The works of Maria Waseem and Waseem Ahmed do more than document past structures, or present landscape. These are endowed with a formal element that surpasses the background information. Maria Waseem’s choice of pictorial frame, preference of subject, selection of light and dark, distribution of colours confirm the remarkable aesthetic quality of these visuals. The line separating shades on a temple figurine, broken floor above a dark, deep space in a Sikh haveli, a wall with imprints of hands (perhaps sati smears), in their sensitivity of light and dark, and strong and unusual compositions communicate the unique vision and creative approach of the maker. In the same lieu, Waseem Ahmed revises our perception of history and of ourselves. His painterly insertion into pictures, through cannons, leaves, flowers, splashes, streaks, lines, cracks signifies the distortion of recorded history.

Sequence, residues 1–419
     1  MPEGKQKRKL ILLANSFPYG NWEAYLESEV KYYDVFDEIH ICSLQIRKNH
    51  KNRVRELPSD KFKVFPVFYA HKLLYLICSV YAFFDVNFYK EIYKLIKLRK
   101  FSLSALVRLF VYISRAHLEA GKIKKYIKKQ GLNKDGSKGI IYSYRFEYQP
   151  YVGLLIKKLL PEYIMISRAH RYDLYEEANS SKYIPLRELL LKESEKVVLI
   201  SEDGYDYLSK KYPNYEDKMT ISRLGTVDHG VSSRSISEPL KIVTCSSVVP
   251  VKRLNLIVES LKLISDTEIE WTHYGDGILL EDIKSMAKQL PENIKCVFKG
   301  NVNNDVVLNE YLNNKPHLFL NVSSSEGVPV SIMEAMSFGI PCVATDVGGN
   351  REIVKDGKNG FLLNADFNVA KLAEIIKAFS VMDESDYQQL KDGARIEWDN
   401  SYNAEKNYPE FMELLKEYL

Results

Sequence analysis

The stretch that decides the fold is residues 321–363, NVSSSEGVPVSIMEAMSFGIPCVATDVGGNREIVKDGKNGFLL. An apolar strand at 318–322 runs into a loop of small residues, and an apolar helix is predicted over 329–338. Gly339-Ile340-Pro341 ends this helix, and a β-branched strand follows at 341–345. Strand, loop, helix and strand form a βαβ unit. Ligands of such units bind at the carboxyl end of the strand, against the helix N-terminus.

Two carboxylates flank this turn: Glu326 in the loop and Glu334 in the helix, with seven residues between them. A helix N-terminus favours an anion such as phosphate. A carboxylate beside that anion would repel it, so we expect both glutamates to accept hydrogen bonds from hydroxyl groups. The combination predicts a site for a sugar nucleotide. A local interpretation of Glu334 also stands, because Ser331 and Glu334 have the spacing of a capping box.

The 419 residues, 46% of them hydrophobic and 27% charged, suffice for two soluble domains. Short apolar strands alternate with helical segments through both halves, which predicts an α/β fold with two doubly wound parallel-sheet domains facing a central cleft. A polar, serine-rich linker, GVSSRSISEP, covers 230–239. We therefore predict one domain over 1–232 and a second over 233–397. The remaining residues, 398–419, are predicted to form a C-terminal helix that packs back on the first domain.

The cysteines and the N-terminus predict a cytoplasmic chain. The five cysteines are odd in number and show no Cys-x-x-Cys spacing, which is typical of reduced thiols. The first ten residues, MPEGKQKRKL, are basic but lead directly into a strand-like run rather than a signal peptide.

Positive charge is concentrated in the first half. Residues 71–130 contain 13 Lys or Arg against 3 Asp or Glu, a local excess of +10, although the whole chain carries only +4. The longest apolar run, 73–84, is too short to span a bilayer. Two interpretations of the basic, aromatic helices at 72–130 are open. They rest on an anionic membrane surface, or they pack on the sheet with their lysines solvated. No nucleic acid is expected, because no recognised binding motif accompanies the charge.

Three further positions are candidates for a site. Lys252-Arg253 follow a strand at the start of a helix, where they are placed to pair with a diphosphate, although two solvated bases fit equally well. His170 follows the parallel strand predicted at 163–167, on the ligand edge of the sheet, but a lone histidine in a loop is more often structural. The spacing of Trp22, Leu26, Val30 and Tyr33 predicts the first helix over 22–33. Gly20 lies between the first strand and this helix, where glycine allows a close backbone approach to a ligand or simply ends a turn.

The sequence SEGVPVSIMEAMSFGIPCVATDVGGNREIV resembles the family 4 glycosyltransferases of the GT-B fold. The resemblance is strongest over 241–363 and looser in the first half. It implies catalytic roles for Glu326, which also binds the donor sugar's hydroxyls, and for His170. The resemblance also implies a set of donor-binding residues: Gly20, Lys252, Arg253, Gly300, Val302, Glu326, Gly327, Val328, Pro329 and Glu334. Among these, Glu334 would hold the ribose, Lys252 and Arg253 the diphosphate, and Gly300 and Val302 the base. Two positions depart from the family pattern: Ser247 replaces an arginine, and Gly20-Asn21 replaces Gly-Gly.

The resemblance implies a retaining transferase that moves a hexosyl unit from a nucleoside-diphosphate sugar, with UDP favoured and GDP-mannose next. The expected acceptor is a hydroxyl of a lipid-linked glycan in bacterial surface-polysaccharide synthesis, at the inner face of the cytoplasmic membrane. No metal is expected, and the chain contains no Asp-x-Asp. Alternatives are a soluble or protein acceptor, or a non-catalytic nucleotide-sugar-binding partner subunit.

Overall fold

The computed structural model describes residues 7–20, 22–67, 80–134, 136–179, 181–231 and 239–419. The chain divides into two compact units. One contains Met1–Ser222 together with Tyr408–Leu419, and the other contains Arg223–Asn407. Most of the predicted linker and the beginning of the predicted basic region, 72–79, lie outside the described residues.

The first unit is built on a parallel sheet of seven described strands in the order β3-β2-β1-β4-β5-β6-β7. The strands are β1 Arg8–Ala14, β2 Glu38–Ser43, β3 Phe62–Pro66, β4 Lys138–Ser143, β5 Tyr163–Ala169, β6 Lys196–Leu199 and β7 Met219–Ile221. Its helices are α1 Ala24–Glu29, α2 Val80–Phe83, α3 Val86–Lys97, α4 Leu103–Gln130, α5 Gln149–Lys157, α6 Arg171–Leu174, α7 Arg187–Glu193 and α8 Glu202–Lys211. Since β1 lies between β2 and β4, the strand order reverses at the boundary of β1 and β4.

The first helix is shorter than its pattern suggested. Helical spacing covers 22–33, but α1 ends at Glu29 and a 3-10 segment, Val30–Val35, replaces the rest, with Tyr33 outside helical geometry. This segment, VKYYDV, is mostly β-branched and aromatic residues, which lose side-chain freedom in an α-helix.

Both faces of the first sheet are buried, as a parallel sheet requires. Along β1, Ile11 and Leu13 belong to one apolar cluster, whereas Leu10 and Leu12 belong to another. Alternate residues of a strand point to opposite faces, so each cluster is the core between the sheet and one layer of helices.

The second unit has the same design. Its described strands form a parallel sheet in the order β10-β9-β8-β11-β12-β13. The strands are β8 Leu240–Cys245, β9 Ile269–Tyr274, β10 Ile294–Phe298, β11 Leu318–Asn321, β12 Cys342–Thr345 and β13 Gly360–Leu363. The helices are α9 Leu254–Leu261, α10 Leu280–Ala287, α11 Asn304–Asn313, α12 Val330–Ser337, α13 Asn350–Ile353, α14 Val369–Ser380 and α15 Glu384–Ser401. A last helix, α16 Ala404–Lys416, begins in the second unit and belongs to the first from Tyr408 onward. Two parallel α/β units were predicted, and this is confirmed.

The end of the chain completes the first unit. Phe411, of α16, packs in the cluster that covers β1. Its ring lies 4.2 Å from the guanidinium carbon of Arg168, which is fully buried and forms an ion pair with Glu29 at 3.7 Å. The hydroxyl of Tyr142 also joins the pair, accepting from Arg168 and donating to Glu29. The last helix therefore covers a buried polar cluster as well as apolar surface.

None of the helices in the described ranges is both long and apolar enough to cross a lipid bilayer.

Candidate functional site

Maria Waseem and Waseem Ahmed’s collaboration in these extraordinary and exciting works invokes our past and present; fears and forgetfulness; political paradoxes and collective follies.

Both individuals have interacted in such a harmony that it becomes difficult to distinguish a photographic visual from a painterly surface, reminding me of a piece of music in which a singer starts with her alaap along with a flute performance. The sound of the flute and the voice continue side by side until one is unable to determine or distinguish the human voice from the sound of the instrument. The two, as one, offer something superior, sublime and seductive.

This collaboration is also a meeting point, higher, engaging, intelligent and enticing – between two individuals, two pictorial practices, and two versions of our selves – two geographies of a common heritage.


The writer is an art critic based in Lahore